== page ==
CNS myelination requires cytoplasmic dynein function

Michele L. Yang, Jimann Shin, Christina A. Kearns, Melissa M. Langworthy, Heather Snell, Macie B. Walker, Bruce Appel

Research output: Contribution to journalArticlepeer-review

19 Scopus citations


Background: Cytoplasmic dynein provides the main motor force for minus-end-directed transport of cargo on microtubules. Within the vertebrate central nervous system (CNS), proliferation, neuronal migration, and retrograde axon transport are among the cellular functions known to require dynein. Accordingly, mutations of DYNC1H1, which encodes the heavy chain subunit of cytoplasmic dynein, have been linked to developmental brain malformations and axonal pathologies. Oligodendrocytes, the myelinating glial cell type of the CNS, migrate from their origins to their target axons and subsequently extend multiple long processes that ensheath axons with specialized insulating membrane. These processes are filled with microtubules, which facilitate molecular transport of myelin components. However, whether oligodendrocytes require cytoplasmic dynein to ensheath axons with myelin is not known. Results: We identified a mutation of zebrafish dync1h1 in a forward genetic screen that caused a deficit of oligodendrocytes. Using in vivo imaging and gene expression analyses, we additionally found evidence that dync1h1 promotes axon ensheathment and myelin gene expression. Conclusions: In addition to its well known roles in axon transport and neuronal migration, cytoplasmic dynein contributes to neural development by promoting myelination.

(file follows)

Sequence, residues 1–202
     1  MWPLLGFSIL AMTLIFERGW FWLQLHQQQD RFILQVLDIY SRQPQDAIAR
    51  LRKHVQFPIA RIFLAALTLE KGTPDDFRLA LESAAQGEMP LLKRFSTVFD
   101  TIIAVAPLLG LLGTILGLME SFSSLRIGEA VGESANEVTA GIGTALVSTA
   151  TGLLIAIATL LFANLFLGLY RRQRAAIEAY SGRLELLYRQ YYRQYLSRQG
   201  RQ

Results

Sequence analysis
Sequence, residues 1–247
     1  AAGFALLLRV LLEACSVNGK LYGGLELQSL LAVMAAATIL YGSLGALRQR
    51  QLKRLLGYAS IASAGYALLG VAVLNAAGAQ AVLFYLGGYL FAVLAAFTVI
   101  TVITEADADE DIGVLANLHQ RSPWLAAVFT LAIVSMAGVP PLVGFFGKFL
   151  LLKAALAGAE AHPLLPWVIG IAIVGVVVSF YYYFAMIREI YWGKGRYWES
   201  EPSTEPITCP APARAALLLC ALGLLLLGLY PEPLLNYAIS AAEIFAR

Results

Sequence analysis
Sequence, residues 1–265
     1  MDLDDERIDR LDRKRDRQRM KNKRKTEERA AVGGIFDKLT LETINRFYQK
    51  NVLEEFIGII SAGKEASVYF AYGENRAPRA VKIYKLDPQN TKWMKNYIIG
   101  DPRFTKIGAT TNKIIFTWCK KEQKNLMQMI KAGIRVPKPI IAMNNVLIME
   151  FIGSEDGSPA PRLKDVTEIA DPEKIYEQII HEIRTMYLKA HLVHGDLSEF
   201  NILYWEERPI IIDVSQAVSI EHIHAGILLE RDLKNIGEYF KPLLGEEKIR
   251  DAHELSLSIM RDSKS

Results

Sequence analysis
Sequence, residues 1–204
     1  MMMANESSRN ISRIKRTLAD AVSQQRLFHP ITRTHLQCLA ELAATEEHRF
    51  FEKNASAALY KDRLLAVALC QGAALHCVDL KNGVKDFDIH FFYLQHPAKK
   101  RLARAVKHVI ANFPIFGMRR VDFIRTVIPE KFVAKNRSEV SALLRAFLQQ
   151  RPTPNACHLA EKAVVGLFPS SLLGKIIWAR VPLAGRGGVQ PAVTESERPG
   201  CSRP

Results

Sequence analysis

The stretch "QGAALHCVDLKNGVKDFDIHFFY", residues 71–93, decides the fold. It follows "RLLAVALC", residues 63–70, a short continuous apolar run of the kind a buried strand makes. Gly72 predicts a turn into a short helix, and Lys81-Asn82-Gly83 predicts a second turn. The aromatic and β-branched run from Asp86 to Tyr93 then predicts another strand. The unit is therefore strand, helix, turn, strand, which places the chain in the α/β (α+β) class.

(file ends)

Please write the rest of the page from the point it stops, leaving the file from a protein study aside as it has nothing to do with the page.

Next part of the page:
Original languageEnglish
Pages (from-to)134-145
Number of pages12
JournalDevelopmental Dynamics
Issue number2
StatePublished - Feb 1 2015


  • Axon
  • Dynein
  • Myelination
  • Oligodendrocyte
  • Zebrafish


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